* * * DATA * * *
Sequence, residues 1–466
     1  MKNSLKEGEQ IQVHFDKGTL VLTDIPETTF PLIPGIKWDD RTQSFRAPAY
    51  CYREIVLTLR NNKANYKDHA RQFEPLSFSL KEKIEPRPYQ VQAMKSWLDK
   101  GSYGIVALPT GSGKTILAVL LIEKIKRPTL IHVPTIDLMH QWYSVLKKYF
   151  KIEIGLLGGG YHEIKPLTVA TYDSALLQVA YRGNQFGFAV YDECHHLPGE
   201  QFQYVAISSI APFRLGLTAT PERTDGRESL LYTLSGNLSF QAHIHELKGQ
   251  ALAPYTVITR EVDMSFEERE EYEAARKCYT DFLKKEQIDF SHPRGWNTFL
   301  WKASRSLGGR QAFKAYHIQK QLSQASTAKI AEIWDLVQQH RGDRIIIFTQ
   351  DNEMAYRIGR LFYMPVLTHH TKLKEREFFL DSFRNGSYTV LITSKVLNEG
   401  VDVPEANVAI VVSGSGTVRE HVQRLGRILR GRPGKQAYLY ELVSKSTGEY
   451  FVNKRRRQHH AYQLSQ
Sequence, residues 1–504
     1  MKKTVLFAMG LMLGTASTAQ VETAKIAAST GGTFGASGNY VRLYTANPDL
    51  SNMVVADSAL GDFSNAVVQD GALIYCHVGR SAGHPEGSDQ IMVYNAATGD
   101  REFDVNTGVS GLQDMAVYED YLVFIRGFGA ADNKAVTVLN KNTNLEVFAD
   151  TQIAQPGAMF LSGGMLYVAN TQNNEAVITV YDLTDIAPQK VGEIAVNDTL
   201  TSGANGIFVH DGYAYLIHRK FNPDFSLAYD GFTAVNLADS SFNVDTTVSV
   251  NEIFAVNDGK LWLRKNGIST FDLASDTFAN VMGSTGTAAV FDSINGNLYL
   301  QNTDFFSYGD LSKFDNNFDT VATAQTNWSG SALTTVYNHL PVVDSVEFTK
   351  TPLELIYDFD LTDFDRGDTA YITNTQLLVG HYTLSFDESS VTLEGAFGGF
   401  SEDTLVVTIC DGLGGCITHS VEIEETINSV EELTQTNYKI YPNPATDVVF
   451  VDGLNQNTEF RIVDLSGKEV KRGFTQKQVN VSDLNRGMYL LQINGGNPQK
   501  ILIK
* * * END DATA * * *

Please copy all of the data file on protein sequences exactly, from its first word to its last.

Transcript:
Sequence, residues 1–466
     1  MKNSLKEGEQ IQVHFDKGTL VLTDIPETTF PLIPGIKWDD RTQSFRAPAY
    51  CYREIVLTLR NNKANYKDHA RQFEPLSFSL KEKIEPRPYQ VQAMKSWLDK
   101  GSYGIVALPT GSGKTILAVL LIEKIKRPTL IHVPTIDLMH QWYSVLKKYF
   151  KIEIGLLGGG YHEIKPLTVA TYDSALLQVA YRGNQFGFAV YDECHHLPGE
   201  QFQYVAISSI APFRLGLTAT PERTDGRESL LYTLSGNLSF QAHIHELKGQ
   251  ALAPYTVITR EVDMSFEERE EYEAARKCYT DFLKKEQIDF SHPRGWNTFL
   301  WKASRSLGGR QAFKAYHIQK QLSQASTAKI AEIWDLVQQH RGDRIIIFTQ
   351  DNEMAYRIGR LFYMPVLTHH TKLKEREFFL DSFRNGSYTV LITSKVLNEG
   401  VDVPEANVAI VVSGSGTVRE HVQRLGRILR GRPGKQAYLY ELVSKSTGEY
   451  FVNKRRRQHH AYQLSQ
Sequence, residues 1–504
     1  MKKTVLFAMG LMLGTASTAQ VETAKIAAST GGTFGASGNY VRLYTANPDL
    51  SNMVVADSAL GDFSNAVVQD GALIYCHVGR SAGHPEGSDQ IMVYNAATGD
   101  REFDVNTGVS GLQDMAVYED YLVFIRGFGA ADNKAVTVLN KNTNLEVFAD
   151  TQIAQPGAMF LSGGMLYVAN TQNNEAVITV YDLTDIAPQK VGEIAVNDTL
   201  TSGANGIFVH DGYAYLIHRK FNPDFSLAYD GFTAVNLADS SFNVDTTVSV
   251  NEIFAVNDGK LWLRKNGIST FDLASDTFAN VMGSTGTAAV FDSINGNLYL
   301  QNTDFFSYGD LSKFDNNFDT VATAQTNWSG SALTTVYNHL PVVDSVEFTK
   351  TPLELIYDFD LTDFDRGDTA YITNTQLLVG HYTLSFDESS VTLEGAFGGF
   401  SEDTLVVTIC DGLGGCITHS VEIEETINSV EELTQTNYKI YPNPATDVVF
   451  VDGLNQNTEF RIVDLSGKEV KRGFTQKQVN VSDLNRGMYL LQINGGNPQK
   501  ILIK